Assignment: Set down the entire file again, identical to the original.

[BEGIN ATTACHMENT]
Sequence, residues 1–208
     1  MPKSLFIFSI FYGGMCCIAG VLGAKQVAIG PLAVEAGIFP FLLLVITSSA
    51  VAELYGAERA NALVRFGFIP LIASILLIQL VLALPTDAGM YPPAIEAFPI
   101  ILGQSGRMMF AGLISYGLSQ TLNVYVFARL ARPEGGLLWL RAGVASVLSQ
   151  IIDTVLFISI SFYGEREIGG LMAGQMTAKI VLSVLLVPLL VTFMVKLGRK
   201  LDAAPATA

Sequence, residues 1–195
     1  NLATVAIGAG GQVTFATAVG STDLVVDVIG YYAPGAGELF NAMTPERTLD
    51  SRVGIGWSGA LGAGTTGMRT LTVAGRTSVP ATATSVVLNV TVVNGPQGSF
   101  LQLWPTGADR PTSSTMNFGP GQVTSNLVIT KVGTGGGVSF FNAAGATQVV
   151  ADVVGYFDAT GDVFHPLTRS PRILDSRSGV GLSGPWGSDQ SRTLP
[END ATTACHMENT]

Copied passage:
Sequence, residues 1–208
     1  MPKSLFIFSI FYGGMCCIAG VLGAKQVAIG PLAVEAGIFP FLLLVITSSA
    51  VAELYGAERA NALVRFGFIP LIASILLIQL VLALPTDAGM YPPAIEAFPI
   101  ILGQSGRMMF AGLISYGLSQ TLNVYVFARL ARPEGGLLWL RAGVASVLSQ
   151  IIDTVLFISI SFYGEREIGG LMAGQMTAKI VLSVLLVPLL VTFMVKLGRK
   201  LDAAPATA

Sequence, residues 1–195
     1  NLATVAIGAG GQVTFATAVG STDLVVDVIG YYAPGAGELF NAMTPERTLD
    51  SRVGIGWSGA LGAGTTGMRT LTVAGRTSVP ATATSVVLNV TVVNGPQGSF
   101  LQLWPTGADR PTSSTMNFGP GQVTSNLVIT KVGTGGGVSF FNAAGATQVV
   151  ADVVGYFDAT GDVFHPLTRS PRILDSRSGV GLSGPWGSDQ SRTLP